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Views sought on future of county's landscape

PUBLISHED: 09:54 23 March 2018 | UPDATED: 09:54 23 March 2018

Suffolk Coast & Heaths AONB Partnership chairman David Wood, left, with AONB manager Simon Amstutz. The public is being asked to comment on a new five-year AONB managment plan. Picture: GREGG BROWN

Suffolk Coast & Heaths AONB Partnership chairman David Wood, left, with AONB manager Simon Amstutz. The public is being asked to comment on a new five-year AONB managment plan. Picture: GREGG BROWN

The public has the chance to help shape the future management of the nationally treasured landscape jewel that is the Suffolk Coast & Heaths Area of Outstanding Natural Beauty.

A map of the Suffolk Coast & Heaths Area of Outstanding Natural Beauty. Picture: SUFFOLK COAST & HEATHS AONBA map of the Suffolk Coast & Heaths Area of Outstanding Natural Beauty. Picture: SUFFOLK COAST & HEATHS AONB

Visited by about four million people each year, generating an estimated £200million for the local economy and underpinning more than 3,000 jobs, the protected area covers 155 square miles. It includes stunning beaches, impressive estuaries, internationally important heaths and much-loved historic towns. It covers a swathe of east Suffolk from Kessingland, near Lowestoft, to the Shotley Peninsula, and a potential extension across the Stour Estuary to part of Essex is currently being considered.

Protection, enhancement and management of the AONB is crucial for a huge range of social benefits and the conservation of numerous rare wildlife species. Now a new five-year blueprint is being drawn up, with consultation on the plan starting tomorrow.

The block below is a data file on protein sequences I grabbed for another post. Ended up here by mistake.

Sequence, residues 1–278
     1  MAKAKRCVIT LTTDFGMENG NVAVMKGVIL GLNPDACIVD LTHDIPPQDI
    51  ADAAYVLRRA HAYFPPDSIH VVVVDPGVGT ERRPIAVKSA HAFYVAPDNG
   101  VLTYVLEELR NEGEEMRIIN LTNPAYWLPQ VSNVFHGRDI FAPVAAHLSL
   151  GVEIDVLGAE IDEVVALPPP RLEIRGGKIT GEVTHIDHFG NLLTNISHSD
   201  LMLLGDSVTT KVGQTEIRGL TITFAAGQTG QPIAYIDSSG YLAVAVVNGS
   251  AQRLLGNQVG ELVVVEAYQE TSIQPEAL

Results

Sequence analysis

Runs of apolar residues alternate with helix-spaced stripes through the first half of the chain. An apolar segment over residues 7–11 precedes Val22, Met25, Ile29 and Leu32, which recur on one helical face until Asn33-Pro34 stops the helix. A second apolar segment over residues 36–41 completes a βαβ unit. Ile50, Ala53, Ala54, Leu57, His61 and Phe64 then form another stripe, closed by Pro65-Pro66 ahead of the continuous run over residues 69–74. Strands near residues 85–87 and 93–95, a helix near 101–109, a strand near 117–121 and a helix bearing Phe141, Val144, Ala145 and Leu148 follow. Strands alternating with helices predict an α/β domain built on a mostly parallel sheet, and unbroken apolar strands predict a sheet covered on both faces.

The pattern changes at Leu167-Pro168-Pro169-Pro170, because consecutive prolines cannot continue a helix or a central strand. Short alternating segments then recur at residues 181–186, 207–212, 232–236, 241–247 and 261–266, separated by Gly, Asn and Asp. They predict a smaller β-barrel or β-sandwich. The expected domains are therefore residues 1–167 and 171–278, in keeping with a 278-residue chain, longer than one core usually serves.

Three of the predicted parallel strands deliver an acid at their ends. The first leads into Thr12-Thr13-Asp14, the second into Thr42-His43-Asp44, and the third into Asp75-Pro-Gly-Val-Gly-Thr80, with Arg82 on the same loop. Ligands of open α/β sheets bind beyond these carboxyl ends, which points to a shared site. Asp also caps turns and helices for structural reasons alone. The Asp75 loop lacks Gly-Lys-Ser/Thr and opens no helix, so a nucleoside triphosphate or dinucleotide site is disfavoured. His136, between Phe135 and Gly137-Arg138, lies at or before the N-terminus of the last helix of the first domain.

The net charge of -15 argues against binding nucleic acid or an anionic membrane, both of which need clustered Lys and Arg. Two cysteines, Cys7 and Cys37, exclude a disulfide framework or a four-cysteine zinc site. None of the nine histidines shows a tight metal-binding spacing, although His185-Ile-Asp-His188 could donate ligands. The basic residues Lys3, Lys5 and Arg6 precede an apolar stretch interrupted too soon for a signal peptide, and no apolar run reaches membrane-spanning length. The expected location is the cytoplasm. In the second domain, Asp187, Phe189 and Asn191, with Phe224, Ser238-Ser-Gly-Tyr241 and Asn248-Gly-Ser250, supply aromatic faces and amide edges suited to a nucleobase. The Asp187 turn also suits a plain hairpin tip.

David Wood, chairman of the Suffolk Coast & Heaths AONB Partnership, said: “Our natural places are enormously important to our wellbeing, these mosaics of habitats are vital to our wildlife and our natural and cultural heritage are of great importance to all who live in, work in and visit the area. We can all play a part in its conservation and enhancement – the key objectives of the national designation of this landscape – and shaping the next five years is an excellent way of doing this.”

The draft plan examines four main themes: coast and estuaries, land use and wildlife, enjoying the area and working together.

In his foreword to the document Mr Wood says the plan’s aspiration went “way beyond” its legal requirements and would be developed through “local consensus”.

The plan is widely seen as being more important than ever given development pressures for national infrastructure, such as Sizewell C, on the coast.

The document, and an AONB survey, can be viewed from tomorrow at www.suffolkcoastandheaths.org/about-us/aonb-management-plan.Comments can be made until May 21.

In tomorrow’s environment section: A blueprint for beauty – more management plan coverage.

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